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Hollywood eyes more play dates with toy industry
Thu Feb 12, 2009 11:28pm EST
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By Georg Szalai
NEW YORK (Hollywood Reporter) - Spock and Captain Kirk will jockey for position with Transformers, Harry Potter and Wolverine. SpongeBob is looking to outcharm Dora the Explorer and the Simpsons.
In short, the annual Toy Fair that kicks off in New York this weekend is expected to place bigger bets on the latest dolls and playthings based on movies and TV shows.
"Every studio is very involved this year," says Reyne Rice, trends specialist for the Toy Industry Assn. "It's definitely going to be a big year for entertainment licenses."
Rice says that 25- to 35-percent of all toy dollars are typically spent on products tied to a licensed or entertainment property, but this year, it may be more. She counts more than 25 movies that lend themselves to toy treatment; in most years, it's closer to 10-15.
That's good news for Hollywood studios.
Licensors of entertainment properties generally get an upfront guarantee from a master toy licensee, which can be worth $1 million or more for top franchises. Then the studio typically gets a 10- to 15-percent cut of wholesale receipts, which are around 50 percent of retail, says Steven Ekstract, group publisher at License Global! magazine.
In the case of major franchises like Disney/Pixar's "Toy Story," that percentage can go even higher. "It's a very great and very profitable business for studios," Ekstract says. "It's a revenue stream they really need."
TRANSFORMING THE GAME
Meanwhile, such powerful retailers as Wal-Mart and Target won't even accept product if it's not a franchise property because they use it as a promotional tool to drive people to their stores. Sterne, Agee & Leach analyst Margaret Whitfield says that 2007's "Tranformers" movie changed the game, helping boost Hasbro toy's sales from $100 million a year to an estimated $500 million after the film's release.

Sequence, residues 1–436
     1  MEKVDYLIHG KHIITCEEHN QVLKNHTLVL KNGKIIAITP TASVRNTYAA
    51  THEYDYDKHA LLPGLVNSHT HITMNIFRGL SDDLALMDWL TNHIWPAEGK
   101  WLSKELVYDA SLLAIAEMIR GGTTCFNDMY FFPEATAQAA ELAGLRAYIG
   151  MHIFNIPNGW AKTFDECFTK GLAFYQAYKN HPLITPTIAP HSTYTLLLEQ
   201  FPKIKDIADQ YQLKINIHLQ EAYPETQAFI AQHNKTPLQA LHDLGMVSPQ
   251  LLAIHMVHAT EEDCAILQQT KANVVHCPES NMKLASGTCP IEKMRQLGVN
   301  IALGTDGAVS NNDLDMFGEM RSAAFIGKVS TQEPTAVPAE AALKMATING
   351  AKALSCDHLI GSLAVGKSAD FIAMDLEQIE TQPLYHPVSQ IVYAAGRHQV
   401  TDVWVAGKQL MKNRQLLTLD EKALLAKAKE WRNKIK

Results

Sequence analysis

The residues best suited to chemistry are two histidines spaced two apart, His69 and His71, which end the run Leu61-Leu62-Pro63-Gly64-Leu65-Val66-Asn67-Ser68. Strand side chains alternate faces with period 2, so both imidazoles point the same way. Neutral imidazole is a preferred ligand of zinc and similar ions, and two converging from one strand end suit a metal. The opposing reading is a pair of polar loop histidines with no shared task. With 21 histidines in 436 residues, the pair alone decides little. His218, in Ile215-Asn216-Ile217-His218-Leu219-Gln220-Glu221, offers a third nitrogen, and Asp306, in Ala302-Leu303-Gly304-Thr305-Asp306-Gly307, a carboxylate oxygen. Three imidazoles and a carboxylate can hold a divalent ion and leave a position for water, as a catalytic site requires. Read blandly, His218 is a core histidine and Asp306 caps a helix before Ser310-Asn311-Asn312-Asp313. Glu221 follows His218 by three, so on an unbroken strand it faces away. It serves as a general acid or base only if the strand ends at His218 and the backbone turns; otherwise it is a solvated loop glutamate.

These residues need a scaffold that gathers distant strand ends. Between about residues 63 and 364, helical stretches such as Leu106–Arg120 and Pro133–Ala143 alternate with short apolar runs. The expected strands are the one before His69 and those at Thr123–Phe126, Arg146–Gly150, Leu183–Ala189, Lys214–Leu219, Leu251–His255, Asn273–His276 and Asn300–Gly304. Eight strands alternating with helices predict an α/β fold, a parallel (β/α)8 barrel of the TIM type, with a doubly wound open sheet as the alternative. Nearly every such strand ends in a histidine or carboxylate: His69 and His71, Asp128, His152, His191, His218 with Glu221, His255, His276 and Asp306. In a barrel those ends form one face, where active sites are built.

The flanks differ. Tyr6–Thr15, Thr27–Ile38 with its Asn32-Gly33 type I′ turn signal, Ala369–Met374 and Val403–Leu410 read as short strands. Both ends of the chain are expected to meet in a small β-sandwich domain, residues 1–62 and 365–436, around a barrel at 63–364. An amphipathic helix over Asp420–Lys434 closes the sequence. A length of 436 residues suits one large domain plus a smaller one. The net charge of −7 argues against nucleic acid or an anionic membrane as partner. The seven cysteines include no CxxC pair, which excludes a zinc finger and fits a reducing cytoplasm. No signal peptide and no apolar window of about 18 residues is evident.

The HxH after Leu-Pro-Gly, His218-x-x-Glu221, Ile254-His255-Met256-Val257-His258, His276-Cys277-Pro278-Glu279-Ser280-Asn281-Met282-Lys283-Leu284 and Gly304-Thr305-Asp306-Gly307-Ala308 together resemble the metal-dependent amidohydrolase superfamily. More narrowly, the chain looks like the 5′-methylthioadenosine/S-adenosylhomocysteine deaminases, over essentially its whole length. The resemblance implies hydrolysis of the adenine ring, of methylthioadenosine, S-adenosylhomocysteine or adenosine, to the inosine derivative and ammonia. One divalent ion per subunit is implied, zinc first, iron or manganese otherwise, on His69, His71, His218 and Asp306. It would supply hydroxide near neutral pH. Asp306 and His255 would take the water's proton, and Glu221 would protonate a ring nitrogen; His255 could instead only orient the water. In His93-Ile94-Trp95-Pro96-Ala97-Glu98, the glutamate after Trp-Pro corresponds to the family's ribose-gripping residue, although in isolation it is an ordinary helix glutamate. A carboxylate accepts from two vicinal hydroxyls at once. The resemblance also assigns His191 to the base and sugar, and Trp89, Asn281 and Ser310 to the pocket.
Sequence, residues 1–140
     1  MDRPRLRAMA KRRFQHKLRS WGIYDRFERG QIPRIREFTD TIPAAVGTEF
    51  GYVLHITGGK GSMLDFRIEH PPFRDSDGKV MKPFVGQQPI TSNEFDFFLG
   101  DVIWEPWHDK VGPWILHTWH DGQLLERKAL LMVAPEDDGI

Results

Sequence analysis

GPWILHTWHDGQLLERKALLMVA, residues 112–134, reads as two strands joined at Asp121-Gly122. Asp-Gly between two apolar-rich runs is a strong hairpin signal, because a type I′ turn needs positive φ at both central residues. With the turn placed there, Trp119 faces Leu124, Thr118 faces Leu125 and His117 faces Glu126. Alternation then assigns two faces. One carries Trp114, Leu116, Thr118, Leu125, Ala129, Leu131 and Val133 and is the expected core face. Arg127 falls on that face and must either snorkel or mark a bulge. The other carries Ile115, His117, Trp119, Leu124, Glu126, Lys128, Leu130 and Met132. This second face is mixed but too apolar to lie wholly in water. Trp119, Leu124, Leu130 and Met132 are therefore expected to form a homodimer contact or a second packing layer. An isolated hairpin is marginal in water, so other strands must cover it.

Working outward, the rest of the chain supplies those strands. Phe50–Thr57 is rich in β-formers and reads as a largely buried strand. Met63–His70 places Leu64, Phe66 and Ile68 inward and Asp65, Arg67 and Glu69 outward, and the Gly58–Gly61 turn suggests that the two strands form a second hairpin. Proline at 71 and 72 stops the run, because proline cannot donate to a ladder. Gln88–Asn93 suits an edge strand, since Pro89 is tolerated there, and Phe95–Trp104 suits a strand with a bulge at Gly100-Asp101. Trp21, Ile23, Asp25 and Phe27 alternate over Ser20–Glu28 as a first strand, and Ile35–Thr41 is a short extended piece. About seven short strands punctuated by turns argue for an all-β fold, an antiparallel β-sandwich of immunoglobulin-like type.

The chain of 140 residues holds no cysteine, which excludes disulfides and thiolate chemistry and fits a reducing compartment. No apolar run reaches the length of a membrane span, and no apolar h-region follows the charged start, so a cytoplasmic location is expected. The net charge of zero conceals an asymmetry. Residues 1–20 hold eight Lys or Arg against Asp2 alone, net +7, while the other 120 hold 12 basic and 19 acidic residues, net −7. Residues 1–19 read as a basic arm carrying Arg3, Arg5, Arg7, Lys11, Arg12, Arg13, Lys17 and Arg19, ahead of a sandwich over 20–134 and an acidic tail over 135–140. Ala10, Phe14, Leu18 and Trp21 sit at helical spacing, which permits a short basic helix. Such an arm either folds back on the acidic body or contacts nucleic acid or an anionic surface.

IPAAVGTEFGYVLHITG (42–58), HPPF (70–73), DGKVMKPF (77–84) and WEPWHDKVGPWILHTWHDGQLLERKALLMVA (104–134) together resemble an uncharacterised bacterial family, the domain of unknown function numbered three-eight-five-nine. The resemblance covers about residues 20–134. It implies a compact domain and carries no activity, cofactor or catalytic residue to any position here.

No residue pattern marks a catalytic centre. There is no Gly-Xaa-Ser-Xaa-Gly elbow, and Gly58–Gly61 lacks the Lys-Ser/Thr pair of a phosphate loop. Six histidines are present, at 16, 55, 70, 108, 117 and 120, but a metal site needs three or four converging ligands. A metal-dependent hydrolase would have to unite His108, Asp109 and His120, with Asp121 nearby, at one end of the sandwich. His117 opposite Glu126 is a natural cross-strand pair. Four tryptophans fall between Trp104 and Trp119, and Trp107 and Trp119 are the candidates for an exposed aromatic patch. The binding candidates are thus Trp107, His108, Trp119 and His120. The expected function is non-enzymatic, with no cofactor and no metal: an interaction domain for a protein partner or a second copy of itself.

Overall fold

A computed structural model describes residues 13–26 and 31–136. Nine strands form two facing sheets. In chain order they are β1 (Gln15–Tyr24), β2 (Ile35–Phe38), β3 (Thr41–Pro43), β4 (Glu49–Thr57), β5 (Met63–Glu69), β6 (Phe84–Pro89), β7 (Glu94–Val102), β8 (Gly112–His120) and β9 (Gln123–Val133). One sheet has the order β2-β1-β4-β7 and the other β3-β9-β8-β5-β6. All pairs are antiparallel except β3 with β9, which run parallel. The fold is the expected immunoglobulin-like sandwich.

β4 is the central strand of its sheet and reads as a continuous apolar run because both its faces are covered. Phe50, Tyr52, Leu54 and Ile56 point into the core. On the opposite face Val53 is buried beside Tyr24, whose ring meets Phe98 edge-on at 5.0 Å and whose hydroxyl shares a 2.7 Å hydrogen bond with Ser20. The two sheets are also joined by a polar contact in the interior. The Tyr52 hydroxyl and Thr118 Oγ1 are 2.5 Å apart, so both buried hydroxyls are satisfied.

"No wonder they want to continue with a sequel," Whitfield says.
"'Transformers' the movie reinvigorated the toy franchise to such a degree that we launched a TV show after it, greenlit 'G.I. Joe' and made a deal with Universal on nine more properties," says Lisa Licht, GM of entertainment and licensing at Hasbro. "It's very compelling for the company."
At the same time, film studios increasingly mine the built-in name recognition of toy and game brands for potential blockbusters.
This summer brings Paramount's "G.I. Joe" and a "Transformers" sequel from DreamWorks/Paramount, both based on Hasbro properties and with Hasbro as a producer. Ridley Scott is set to direct Universal's "Monopoly," and "Candyland," "Ouija" and the maritime classic "Battleship" also are in development as part of Hasbro's six-year strategic partnership with Universal covering nine Hasbro properties and at least four films.
In addition, "Trivial Pursuit: America Plays," based on the Hasbro classic, is airing as a syndicated TV program.
In fact, in the past years, Hasbro quietly has refashioned itself as a quasi-content company, licensing its franchises for film or TV treatment and partnering on development and financing. Continued...
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